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Questions, few answers on availability of flu vaccine

By Staff
Nov. 26, 2000
This is the time of year when physicians across Mississippi encourage their high risk patients to get a flu shot. And yet, many of the people most likely to catch flu and suffer dangerous consequences can not get a shot because the vaccine is largely unavailable in the Meridian area.
Mississippi's first allocation, according to Dr. Ed Thompson, state health officer, is going to the Gulf Coast, where the bug usually bites first. That is well and good for Coastians. They need protection, too.
Coming, but when?
But officials with the state Department of Health are telling their Meridian area patients the vaccine is not available. Worse, while some private clinics have apparently managed to secure some flu vaccine, state health officials still do not know when the shortage will be alleviated in the Meridian area.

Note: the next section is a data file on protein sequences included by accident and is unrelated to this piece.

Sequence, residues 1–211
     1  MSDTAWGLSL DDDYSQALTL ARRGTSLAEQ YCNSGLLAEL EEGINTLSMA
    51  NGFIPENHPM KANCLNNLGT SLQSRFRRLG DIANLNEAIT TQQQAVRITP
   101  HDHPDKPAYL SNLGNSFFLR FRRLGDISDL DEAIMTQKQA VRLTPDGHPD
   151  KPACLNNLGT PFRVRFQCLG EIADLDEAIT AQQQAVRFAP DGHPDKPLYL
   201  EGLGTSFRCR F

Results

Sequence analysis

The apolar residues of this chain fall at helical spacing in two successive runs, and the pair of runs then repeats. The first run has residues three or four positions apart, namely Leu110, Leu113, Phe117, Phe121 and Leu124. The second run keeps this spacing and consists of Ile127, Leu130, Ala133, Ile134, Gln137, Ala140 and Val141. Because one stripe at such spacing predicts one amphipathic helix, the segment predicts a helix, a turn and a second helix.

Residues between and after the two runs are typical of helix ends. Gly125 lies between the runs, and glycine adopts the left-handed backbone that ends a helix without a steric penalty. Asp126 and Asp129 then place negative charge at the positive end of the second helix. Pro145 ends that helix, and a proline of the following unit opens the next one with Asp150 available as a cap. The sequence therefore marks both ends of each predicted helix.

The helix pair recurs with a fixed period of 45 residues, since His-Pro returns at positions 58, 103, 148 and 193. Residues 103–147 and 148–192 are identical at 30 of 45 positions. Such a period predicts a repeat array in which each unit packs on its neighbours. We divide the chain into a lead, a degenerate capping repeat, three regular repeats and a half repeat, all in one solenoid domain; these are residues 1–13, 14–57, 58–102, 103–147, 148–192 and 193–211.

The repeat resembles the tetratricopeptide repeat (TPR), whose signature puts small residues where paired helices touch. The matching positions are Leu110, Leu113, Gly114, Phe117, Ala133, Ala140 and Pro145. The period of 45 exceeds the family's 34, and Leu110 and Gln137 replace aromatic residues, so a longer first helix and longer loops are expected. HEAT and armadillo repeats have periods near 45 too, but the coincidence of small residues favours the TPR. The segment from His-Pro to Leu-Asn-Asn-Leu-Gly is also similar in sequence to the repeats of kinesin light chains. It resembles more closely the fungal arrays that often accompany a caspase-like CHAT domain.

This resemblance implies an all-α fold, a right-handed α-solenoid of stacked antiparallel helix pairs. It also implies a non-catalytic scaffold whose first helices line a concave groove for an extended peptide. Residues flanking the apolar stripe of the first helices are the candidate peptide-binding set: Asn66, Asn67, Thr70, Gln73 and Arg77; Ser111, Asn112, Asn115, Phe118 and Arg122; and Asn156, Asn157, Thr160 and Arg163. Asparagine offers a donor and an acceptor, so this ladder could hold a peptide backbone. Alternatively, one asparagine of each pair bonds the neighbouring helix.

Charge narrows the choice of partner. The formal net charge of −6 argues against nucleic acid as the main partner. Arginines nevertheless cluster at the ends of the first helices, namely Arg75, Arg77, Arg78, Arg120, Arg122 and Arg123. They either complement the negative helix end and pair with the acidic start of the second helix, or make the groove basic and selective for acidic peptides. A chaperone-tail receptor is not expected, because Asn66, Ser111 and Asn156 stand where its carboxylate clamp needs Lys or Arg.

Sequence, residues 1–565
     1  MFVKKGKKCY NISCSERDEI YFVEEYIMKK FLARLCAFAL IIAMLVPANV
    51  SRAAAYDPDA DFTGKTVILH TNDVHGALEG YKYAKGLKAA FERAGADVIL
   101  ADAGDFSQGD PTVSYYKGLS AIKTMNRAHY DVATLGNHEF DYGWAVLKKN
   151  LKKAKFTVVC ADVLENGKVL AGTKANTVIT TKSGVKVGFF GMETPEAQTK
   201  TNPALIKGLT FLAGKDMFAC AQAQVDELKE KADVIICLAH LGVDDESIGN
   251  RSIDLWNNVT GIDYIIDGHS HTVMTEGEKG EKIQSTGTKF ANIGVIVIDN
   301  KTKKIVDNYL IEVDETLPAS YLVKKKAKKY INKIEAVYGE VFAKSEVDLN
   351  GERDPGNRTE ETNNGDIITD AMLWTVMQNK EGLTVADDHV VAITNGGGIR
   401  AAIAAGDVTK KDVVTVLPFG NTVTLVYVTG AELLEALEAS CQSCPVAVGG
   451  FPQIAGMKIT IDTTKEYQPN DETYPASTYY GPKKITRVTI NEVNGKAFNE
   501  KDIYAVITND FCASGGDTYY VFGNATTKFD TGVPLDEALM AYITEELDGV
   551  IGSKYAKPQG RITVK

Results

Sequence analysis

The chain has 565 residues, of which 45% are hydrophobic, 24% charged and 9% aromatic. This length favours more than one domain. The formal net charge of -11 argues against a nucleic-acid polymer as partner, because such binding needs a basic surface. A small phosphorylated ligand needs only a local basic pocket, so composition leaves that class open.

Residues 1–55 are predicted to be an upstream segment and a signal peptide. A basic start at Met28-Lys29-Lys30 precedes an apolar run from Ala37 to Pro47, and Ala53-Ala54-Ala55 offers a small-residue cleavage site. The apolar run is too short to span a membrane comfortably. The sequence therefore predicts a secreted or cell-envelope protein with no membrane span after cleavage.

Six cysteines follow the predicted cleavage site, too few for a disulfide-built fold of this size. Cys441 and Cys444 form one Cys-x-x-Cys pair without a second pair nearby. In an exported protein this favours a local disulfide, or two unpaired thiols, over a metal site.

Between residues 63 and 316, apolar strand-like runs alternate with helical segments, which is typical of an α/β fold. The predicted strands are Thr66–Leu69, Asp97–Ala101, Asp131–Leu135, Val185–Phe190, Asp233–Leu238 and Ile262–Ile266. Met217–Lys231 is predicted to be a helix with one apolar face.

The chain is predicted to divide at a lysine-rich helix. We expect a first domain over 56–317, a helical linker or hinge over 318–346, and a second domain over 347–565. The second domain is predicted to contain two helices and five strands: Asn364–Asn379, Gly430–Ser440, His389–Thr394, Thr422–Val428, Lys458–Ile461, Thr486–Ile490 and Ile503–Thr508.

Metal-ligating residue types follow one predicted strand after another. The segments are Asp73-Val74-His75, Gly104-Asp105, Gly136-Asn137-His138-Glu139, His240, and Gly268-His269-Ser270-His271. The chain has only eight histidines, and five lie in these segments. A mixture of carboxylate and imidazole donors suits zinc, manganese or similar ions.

She advised people who are high risk to "avoid crowds and, at the first sign of any illness, see their physician."
So, a long list of people who can ill afford to get the flu should not go to church, shopping or anywhere else they might encounter a crowd. This is probably sensible advice, but it does not resolve the underlying problem.
In the case of flu shots, the "when" is everything.
Production guarantees
State and federal public health officials learned in June that manufacturers anticipated a delay in shipping the flu vaccine. The Centers for Disease Control in Atlanta says it will guarantee production of up to nine million additional doses of vaccine to make up for the shortfalls in production.
We don't pretend to understand the means by which flu vaccine is allocated in Mississippi, how it gets here or who decides where it goes first. We do understand guarantees and good intentions will prove of little value if even one high risk person suffers unnecessarily.
Some real answers are in order.

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